According to a new report entitled “Roundup and birth defects: Is the public being kept in the dark?”, Roundup, the world’s top selling herbicide causes birth defects in animals and U.S. industry regulators knew as early as 1980. Glyphosate, the chemical on which Roundup is based, is what causes the defects. The European Commission has known about the dangers of glyphosate since at least 2002, but neither U.S. nor European regulators warned the public.
Regulators actually misled the public about glyphosate’s safety. Last year, the German Federal Office for Consumer Protection and Food Safety, the German government body dealing with the glyphosate review, told the European Commission that there was no evidence glyphosate causes birth defects.
Researchers found that genetically-modified crops used in conjunction with Roundup contain a pathogen that may cause animal miscarriages. After studying the newly discovered organism back in February, Don Huber, a emeritus professor at Purdue University, wrote a to Secretary of Agriculture Tom Vilsack to request a moratorium on deregulating crops genetically altered to be immune to Roundup, which are commonly called Roundup Ready crops.
In the letter, Huber also commented on the herbicide itself, saying: “It is well-documented that glyphosate promotes soil pathogens and is already implicated with the increase of more than 40 plant diseases; it dismantles plant defenses by chelating vital nutrients; and it reduces the bioavailability of nutrients in feed, which in turn can cause animal disorders.”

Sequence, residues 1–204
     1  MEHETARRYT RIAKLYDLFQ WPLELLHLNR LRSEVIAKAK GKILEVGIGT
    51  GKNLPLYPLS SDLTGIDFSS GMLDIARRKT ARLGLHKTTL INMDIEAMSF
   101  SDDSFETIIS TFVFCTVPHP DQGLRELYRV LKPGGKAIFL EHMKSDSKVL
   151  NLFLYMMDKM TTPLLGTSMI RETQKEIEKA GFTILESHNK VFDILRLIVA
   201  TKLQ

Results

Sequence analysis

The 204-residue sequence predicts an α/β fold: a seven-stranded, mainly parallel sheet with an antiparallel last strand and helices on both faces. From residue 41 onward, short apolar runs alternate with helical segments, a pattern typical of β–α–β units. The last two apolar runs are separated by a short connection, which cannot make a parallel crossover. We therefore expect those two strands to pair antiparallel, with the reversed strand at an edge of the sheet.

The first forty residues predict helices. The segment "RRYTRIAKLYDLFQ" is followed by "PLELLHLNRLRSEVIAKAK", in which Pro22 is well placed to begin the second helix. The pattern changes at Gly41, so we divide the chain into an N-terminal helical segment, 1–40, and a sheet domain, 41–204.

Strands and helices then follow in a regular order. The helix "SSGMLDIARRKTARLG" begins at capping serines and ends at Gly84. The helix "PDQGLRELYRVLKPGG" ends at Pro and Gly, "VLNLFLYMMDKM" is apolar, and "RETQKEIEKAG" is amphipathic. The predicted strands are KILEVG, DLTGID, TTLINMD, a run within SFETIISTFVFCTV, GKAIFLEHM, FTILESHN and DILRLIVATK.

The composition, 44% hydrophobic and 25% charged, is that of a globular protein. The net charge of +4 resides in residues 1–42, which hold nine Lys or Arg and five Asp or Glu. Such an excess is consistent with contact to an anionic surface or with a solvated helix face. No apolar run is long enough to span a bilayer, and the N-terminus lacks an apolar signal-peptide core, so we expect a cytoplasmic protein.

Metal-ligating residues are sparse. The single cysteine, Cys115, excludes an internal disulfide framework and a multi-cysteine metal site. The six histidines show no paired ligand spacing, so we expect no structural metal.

Although glyphosate was originally due to be reviewed in 2012, the Commission decided late last year to delay it until 2015. The chemical will not be reviewed under more stringent, up-to-date standards until 2030.
“Our examination of the evidence leads us to the conclusion that the current approval of glyphosate and Roundup is deeply flawed and unreliable,” wrote the report authors in their conclusion. “What is more, we have learned from experts familiar with pesticide assessments and approvals that the case of glyphosate is not unusual.
“They say that the approvals of numerous pesticides rest on data and risk assessments that are just as scientifically flawed, if not more so,” the authors added. “This is all the more reason why the Commission must urgently review glyphosate and other pesticides according to the most rigorous and up-to-date standards.”
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